Stop 3. Union Church
The congregation of Union Church was founded in 1853 by John G. Fee, who was its first pastor. From the beginning, Union Church, has followed an inclusive Christian tradition with an emphasis on the dignity and worth of all people. Begun as an abolitionist and religious witness in a slave-holding state, the congregation values and embraces diversity, attracting persons with a broad spectrum of beliefs. The Dalai Lama spoke during worship services when visiting Berea in 1994. Although Union is no longer the Berea College church, ties between the college and the church remain strong. In 1920, when the congregation undertook the construction of its present building, Berea College donated the land and 40% of the construction funds. The raised Doric temple portico in the Greek Revival style adds elegance to the brick structure.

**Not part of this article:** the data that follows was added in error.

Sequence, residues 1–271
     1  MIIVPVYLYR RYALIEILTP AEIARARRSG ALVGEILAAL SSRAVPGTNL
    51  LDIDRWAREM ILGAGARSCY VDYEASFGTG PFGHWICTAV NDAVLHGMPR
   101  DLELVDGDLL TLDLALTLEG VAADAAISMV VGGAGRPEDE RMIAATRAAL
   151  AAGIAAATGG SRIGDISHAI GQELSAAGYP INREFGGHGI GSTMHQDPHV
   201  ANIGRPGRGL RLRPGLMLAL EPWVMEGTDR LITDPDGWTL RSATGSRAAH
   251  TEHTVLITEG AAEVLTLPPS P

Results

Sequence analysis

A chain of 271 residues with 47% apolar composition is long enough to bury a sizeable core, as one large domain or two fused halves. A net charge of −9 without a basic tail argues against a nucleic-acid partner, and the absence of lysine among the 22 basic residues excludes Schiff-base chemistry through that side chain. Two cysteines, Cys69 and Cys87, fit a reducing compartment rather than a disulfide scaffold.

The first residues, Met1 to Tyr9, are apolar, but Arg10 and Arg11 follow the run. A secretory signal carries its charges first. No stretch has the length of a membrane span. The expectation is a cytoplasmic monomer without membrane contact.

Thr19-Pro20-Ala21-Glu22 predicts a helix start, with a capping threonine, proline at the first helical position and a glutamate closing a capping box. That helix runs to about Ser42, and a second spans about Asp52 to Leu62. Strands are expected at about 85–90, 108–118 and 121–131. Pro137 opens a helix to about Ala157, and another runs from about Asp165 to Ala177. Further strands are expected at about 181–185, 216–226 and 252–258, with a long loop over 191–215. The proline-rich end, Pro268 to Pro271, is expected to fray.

The arts play an important role in worship at Union Church. A Steiner organ was installed in 1977, and since the 1950s handbell choirs have been added to vocal choirs. The Peace Bell, created by local potter, Jeff Enge in honor of Union Church member Carl Eschbach (1904-1998), rings each Sunday. A twin bell hangs in Berea’s sister province in Kiyosato, Japan and is also rung in the hope of peace for all nations. Local fabric artists, notably Mildred Sticker and Virginia Piland (whose work has graced the National Cathedral) provided banners and frontals that are changed seasonally. Among Piland’s donations is a triptych of quilts representing Christianity, Judaism, and Islam and the embracing nature of this church. The chandeliers were made by local blacksmith Bob Montgomery, and local glassblower, Michelle Weston. Among the interesting paintings in the church’s collection is one created by local artist, Alfredo Escobar, during a sermon about the many faces of God. Another artistic treasure is the series of six stained glass windows in the Cowan Chapel. Created by Lisa Ann Hillerich, they represent Creation, Recreation/Incarnation, Exodus, Christ on the Cross, Prophets, and Pentecost. The chapel is open for meditation each morning. Rotating exhibits include the art created by members and youth groups on retreats.